September 30th, 2010
We’re all aware of the role video games have within a US and European cultures, but rarely do we know or hear very much about the importance of video games in other countries. In China, where I live, video games play a huge role in modern culture, particularly youth culture, and much of its effects I’ve noticed first-hand at the school I work. Video games are an outlet in a life otherwise full of great social pressure and hard work. In this regard video games take on a completely different form than what we may be comfortably use to.
In my school, we have an area with roughly 22 dedicated computers for students to use in their breaks or for parents who want to kill time while their child is in class. In a recent staff meeting, one of my colleagues complained about the negative influence the “computer lab” has over students. The teacher griped that many students would rush upstairs to play games on the computers during the 15 minute down time punctuating each hour of study and then subsequently loose track of time and arrive late to the second period. Obviously this is a real problem for our classes when students arrive 5 minutes to even half an hour late as they have done, and in fact regularly do, in some of my classes. (The half an hour example was, however, a once-off instance). Other teachers chimed in to the discussion, citing video games as a negative influence upon the children. The discussion moved away from the lab and into how every male student invariably uses the phrase “game over” instead of “die”, how video games seem to instil a violent tendency in some of the boys or how students could surprisingly reference a rich English vocabulary for firearms and weapons.
These are in fact real problems and as a teacher, they impede on my role as an educator. Never mind the irritation caused from comments like “teacher you’re game over”. However, video games, just like alcohol, film, junk food, pornography and literature are largely innocent on their own and further, it as not as though we can simply remove them from society. It is how society prevents possible issues that may arise from these things that is of larger importance. In which case, these issue is more of an indictment of China’s wider social problems as opposed to an intrinsic harm of the video game medium*.
*It should be noted that, equally, there are some issues on the other side of the fence too, regarding the design of maliciously addictive games.
In order to deal with the massive amount of children being educated in schools across China, the Chinese government employs heavy standardisation largely through the means of traditional examinations. Examinations play such an important role in Chinese education, culminating in what is called the gaokao 高考 (high test). The gaokao is the end-of-high-school/university-entrance examination sat around the nation every June. In the Chinese education system, your score in the gaokao represents your entire academic worth and ultimately acts to place you somewhere within China’s hierarchy of tertiary institutions. Get a good score in the gaokao and you may be accepted into one of the country’s better universities, giving you major advantage when lined up against the innumerable number of applicants gunning for the same job come 4 years times. Get a bad score and your prospects in life are all but shattered.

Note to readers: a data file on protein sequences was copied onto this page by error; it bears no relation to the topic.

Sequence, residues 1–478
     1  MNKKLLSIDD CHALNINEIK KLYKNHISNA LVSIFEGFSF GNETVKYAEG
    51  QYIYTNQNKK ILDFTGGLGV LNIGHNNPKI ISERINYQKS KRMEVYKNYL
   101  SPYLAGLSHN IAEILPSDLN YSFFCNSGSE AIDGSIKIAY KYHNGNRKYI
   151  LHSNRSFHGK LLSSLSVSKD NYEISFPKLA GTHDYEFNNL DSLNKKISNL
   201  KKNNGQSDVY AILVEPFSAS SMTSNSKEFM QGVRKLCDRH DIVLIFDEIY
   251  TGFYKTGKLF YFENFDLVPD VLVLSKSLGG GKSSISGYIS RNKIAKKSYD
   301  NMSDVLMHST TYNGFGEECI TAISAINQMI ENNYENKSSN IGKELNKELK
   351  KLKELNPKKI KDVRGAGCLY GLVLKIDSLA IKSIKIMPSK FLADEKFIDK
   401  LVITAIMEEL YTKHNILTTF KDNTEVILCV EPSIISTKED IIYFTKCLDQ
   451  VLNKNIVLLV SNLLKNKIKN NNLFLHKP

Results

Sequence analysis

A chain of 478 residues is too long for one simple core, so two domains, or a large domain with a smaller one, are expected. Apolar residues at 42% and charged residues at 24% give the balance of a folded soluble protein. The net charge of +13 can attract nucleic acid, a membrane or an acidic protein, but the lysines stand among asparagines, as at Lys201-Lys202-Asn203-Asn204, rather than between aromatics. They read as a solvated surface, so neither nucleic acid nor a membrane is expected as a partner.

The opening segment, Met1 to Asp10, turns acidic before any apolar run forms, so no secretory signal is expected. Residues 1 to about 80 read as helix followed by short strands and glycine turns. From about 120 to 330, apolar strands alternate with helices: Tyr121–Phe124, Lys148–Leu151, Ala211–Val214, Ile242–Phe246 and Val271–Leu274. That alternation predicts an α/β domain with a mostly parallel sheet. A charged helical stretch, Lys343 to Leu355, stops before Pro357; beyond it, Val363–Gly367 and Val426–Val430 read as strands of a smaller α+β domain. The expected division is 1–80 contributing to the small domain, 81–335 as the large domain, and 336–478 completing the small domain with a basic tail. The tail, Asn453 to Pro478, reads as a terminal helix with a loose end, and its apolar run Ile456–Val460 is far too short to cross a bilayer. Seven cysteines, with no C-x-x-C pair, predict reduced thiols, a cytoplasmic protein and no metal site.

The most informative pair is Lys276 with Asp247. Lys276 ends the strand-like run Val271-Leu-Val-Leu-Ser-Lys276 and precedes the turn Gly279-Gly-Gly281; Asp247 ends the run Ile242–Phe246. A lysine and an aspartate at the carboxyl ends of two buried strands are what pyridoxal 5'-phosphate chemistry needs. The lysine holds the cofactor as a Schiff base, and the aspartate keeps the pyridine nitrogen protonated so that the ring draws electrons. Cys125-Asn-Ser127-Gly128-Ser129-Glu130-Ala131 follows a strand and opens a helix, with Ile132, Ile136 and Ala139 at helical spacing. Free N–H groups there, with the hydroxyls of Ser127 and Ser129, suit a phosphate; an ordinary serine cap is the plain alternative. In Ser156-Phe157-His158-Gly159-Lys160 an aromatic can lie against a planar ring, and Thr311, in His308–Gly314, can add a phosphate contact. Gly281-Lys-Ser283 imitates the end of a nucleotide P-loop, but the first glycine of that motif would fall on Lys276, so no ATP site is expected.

So obviously tests, and particularly the gaokao, are a big deal. Fail at the gaokao and your fate at the bottom of the ladder is partially sealed. Mass population and a system of standardisation built around examination and thereby ROTE learning are of great detriment to the development of critical and creative thinking, the arts as well as quality of life. And this is where video games come in.
In this world that I’ve just painted, escapism is a precious commodity. And in this modern world, nothing does escapism quite as well as video games (or the internet for that matter). With such an imbalance between work and pleasure, it’s no wonder my students are so memorised by video games. They desperately need an outlet and when they finally get it, the worth is invaluable. In this light, we can somewhat empathise with the reports we hear about Chinese people and video game/internet addiction.
The imbalances between work and relaxation are perfectly viewable from within the classroom. The majority of my students enter the class tired and exhausted. We have classes for kids that are 7-8 years-old which run until 9pm at night. With an open-minded foreign teacher replacing their unruly Chinese teacher, they treat our school like a social club, a reprieve from hard work. This is perhaps the reason why they’re so reluctant to knuckle down in our classes.
Another side of this social issue is the lack of moderation over what children play. If you thought the generation gap between you and your parents was a big deal, consider the changes that have occurred throughout China over the past 30 years. Parents of Chinese children today grew up in the decade Chairman Mao died, the Gang of Four were imprisoned and Deng Xiao Ping introduced sweeping economic reform. Thirty years later and their children are growing up in a world of mass population and accelerated capitalism on a scale the world has never seen where the rich are enormously wealthy and the poverty-stricken incredibly poor. The generation gap is massive and a significant part of that is the digital divide. Chinese parents, unlike their western counterparts, have had so little background experience with technology, that monitoring their children’s consumption habits of digital media is a challenge entirely new to them. When you have the combination of the parents unfamiliarity and the children’s almost religious like worship for video games, given that they can get access, the potential consequences for abuse are quite serious. Moderating children’s play time and actively engaging with a game together with a child is an important social responsibility threatened by the wide digital divide.